First Inquest[edit]

As is common in cases where someone dies in unusual or suspicious circumstances a coronial inquest was held to try and determine the manner and cause of death. The inquest was to turn out to be just the first into her death. It was held from 15 December 1980 to 20 February 1981 in Alice Springs. The coroner was Stipendiary Magistrate, Denis Barritt. He found that a dingo snatched and killed Azaria Chamberlain. The parents, Michael and Lindy Chamberlain, were not implicated in any way with the disappearance of their child.

Second inquest[edit]

In committing the Chamberlains for trial, the coroner who performed the second inquest and recorded findings as to the cause and manner of Azaria's death stated that although the evidence was, to a large degree, circumstantial, a jury properly instructed could arrive at a verdict; with regard to the clothing evidence. He surmised that the Chamberlains knew dingoes were in the area, attempted to simulate a dingo attack, recovered Azaria's buried body, removed her clothing, damaged it by cutting, rubbed it in vegetation, and deposited the clothes for later recovery.[15] On this basis and that of blood evidence of unknown origin found in the Chamberlains' car, the Chamberlains were prosecuted and convicted for the murder of their two-month-old baby, with Lindy sentenced to life imprisonment without parole[1] and Michael Chamberlain suspended for three years as an accessory to murder.[9] The stain believed to have been blood that was found in the Chamberlains' car was later determined to be most likely a sound-deadening compound from a manufacturing overspray.[16]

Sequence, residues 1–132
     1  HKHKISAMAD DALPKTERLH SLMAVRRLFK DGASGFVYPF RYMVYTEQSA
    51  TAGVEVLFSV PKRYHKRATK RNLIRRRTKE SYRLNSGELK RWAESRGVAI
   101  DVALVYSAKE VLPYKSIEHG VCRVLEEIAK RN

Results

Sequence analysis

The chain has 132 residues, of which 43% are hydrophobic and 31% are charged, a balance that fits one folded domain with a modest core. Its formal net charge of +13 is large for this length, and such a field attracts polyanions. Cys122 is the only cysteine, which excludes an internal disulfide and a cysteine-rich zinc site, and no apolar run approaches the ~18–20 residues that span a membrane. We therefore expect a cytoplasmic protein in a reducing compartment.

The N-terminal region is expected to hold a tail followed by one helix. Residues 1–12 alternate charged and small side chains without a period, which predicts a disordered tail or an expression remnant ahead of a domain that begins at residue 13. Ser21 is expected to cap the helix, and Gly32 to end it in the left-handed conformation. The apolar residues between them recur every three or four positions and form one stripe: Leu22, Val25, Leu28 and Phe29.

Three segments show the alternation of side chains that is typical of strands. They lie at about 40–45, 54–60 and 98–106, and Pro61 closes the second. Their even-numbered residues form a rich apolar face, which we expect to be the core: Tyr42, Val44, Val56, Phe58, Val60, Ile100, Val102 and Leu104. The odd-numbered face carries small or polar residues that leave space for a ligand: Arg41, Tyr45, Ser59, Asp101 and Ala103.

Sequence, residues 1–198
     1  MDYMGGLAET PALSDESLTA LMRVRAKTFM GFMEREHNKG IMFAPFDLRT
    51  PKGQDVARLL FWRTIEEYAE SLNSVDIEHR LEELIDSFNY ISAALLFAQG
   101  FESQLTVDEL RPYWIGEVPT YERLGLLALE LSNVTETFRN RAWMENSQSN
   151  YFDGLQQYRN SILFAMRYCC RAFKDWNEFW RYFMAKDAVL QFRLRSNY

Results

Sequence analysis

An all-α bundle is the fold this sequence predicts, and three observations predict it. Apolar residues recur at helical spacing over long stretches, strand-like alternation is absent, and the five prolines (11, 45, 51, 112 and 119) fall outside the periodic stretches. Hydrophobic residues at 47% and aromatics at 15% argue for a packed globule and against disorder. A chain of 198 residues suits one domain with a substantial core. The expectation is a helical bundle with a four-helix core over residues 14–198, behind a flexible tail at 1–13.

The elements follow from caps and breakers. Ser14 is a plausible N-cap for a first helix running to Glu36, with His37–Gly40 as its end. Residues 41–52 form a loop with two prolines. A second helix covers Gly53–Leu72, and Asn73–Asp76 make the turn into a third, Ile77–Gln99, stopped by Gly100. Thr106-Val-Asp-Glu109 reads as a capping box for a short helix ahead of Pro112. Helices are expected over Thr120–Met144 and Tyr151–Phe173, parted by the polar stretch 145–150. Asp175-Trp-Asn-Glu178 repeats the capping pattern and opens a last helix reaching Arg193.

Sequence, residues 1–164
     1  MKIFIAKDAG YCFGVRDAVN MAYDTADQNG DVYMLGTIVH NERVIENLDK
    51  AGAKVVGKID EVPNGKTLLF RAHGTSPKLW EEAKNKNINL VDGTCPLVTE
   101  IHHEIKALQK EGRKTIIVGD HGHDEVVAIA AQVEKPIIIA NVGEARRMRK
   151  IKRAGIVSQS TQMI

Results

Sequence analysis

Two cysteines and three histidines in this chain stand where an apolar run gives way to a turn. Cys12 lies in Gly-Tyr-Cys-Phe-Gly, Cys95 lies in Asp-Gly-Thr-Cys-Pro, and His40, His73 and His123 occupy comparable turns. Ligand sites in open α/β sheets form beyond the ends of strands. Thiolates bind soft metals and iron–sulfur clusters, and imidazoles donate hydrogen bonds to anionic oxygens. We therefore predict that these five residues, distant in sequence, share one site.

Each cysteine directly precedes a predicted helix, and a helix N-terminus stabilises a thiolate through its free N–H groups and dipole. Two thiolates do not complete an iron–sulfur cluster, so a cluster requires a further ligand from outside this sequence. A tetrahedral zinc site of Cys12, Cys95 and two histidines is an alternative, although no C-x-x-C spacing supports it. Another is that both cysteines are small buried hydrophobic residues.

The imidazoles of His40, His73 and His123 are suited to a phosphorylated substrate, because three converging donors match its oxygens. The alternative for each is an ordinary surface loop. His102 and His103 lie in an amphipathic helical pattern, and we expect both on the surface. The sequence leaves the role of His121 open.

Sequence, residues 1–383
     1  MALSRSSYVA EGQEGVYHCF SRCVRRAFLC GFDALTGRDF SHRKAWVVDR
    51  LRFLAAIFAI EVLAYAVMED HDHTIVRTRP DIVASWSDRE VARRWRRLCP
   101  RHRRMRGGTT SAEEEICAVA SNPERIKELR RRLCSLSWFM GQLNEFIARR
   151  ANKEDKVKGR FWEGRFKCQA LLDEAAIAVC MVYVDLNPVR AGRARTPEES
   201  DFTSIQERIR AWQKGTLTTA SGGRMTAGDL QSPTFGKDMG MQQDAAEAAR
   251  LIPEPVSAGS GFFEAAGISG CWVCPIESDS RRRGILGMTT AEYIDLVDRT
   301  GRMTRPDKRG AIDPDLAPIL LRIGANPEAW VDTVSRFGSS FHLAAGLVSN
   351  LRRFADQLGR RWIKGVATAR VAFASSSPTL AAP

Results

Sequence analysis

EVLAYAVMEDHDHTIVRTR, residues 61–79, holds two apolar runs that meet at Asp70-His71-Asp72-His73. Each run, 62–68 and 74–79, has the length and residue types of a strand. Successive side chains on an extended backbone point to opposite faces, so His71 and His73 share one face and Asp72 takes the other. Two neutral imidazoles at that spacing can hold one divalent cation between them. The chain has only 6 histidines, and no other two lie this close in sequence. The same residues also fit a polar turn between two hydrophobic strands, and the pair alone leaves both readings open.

Prosecution claims[edit]

The prosecution's theory was that, in a five- to ten-minute absence from the camp fire, Lindy returned to her tent, did whatever was necessary to stop her young son Aidan from following her, changed into tracksuit pants, took Azaria to her car, obtained and used scissors to cut Azaria's throat, waited for Azaria to die (options were carotid arteries or jugular – all experts said there was an absence of evidence of arterial bleeding on the jumpsuit blood stains and it would take up to 20 minutes if the death was from cutting the jugular), hid the body in a camera case in the car, cleaned up blood on everything including the outside of the camera case, removed the tracksuit pants, obtained baked beans for her son from the car, returned to the tent, did something to leave blood splashes there and brought her son Aidan back to the campfire without ever attracting the attention of other campers except for camper Greg Lowe who gave evidence that he observed her to go to the tent with Azaria and Aidan and then walk to the car with her left arm around Aidan and her right arm unimpeded.[10]: p. 14  She also counted on her son not noticing she had taken Azaria and returned without her and asking her publicly where she had taken Azaria. She then later returned to the tent and immediately claimed that she saw a dingo taking her baby with evidence implicating a dingo being purely coincidental. No-one noticing alleged blood on Chamberlain's clothes in the hours after the disappearance was purely fortunate. Chamberlain opening the car where the body was allegedly hidden to give a dog the scent of Azaria from the clothes in the car was a daring act. She also must have somehow done it without her husband's knowledge or he was also incredibly daring given that he left his children in her care afterward and he told the police that he had given them the wrong camera case and then gave them the one that was allegedly used to conceal the body.[9][12][16]

In the second inquest, concerning the clothing evidence alone:

  1. The clothing of the deceased child had been buried prior to its finding and probably contained the body of the child when buried.
  2. Soil type of a pH found on the clothing is consistent with the pH of the soil at the camp and also with the consistency of the soil in clothing and at the site and is inconsistent with the type of soil and pH in the area in which the clothing was found.